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Configure Windows 10 Enterprise Telemetry


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At Microsoft, we use Windows telemetry to inform our decisions and focus our efforts in providing the most robust, most valuable platform for your business and the people who count on Windows to enable them to be as productive as possible. Telemetry gives users a voice in the operating system’s development. This guide describes the importance of


Windows telemetry and how we protect that data. Additionally, it differentiates between telemetry and functional data. It also describes the telemetry levels that Windows supports. Of course, you can choose how much telemetry is shared with Microsoft, and this guide demonstrates how.


To frame a discussion about telemetry, it is important to understand Microsoft’s privacy principles. We earn customer trust every day by focusing on six key privacy principles as described at privacy.microsoft.com. These principles guided the implementation of the Windows telemetry system in the following ways:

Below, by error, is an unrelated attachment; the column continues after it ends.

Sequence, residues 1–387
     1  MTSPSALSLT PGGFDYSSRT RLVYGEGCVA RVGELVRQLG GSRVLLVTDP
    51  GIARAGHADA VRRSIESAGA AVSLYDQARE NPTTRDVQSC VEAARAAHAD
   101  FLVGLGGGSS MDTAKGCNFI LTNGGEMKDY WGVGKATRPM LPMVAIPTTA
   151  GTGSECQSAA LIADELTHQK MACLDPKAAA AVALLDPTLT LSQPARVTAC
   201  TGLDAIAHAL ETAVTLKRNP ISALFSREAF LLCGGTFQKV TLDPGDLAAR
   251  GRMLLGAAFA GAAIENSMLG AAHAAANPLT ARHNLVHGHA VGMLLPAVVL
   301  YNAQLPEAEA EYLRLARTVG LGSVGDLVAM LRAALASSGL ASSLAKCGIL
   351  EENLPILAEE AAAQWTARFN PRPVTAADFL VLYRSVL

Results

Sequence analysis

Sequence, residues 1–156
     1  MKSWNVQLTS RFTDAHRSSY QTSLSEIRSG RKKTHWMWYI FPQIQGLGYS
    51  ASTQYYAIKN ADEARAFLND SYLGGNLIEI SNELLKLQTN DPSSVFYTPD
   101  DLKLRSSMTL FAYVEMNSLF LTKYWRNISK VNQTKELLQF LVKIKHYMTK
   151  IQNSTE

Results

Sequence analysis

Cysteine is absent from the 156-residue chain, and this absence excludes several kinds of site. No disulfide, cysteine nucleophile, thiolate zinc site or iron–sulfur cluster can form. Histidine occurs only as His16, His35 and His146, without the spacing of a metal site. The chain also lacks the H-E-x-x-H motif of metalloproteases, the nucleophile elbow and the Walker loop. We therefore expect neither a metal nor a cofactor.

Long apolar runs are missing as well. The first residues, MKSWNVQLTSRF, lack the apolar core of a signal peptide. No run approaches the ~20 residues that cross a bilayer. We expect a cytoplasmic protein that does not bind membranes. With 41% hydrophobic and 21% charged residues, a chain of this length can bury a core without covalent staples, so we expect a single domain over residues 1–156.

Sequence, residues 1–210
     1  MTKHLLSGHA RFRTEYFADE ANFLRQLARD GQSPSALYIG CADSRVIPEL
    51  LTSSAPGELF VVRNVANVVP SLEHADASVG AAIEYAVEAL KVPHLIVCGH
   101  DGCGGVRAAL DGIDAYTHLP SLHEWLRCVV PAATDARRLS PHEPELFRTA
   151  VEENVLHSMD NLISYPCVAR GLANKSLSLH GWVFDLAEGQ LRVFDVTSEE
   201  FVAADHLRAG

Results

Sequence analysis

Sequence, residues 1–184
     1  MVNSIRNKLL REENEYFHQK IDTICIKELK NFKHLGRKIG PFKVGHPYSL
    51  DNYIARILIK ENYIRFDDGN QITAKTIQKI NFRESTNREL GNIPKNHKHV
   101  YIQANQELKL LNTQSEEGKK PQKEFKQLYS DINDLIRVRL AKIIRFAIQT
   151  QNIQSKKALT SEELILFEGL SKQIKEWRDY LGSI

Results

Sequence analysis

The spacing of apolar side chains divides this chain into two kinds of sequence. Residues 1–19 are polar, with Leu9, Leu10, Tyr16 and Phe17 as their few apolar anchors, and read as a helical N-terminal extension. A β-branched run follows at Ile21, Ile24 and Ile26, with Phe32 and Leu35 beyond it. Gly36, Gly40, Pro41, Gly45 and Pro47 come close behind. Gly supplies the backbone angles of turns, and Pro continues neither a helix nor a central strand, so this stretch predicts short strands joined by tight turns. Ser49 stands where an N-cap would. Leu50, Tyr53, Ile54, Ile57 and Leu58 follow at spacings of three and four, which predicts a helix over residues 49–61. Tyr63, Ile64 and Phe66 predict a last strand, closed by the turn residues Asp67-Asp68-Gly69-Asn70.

•Control. We offer customers control of the telemetry they share with us by providing easy-to-use management tools.


•Transparency. We provide information about the telemetry that Windows and Windows Server collects so our customers can make informed decisions.


•Security. We encrypt telemetry in transit from your device and protect that data at our secure data centers.


•Strong legal protections. We respect customers’ local privacy laws and fight for legal protection of their privacy as a fundamental human right.


•No content-based targeting. We take steps to avoid and minimize the collection of customer content, such as the content of files, chats, or emails, through the Windows telemetry system. Customer content inadvertently collected is kept confidential and not used for user targeting.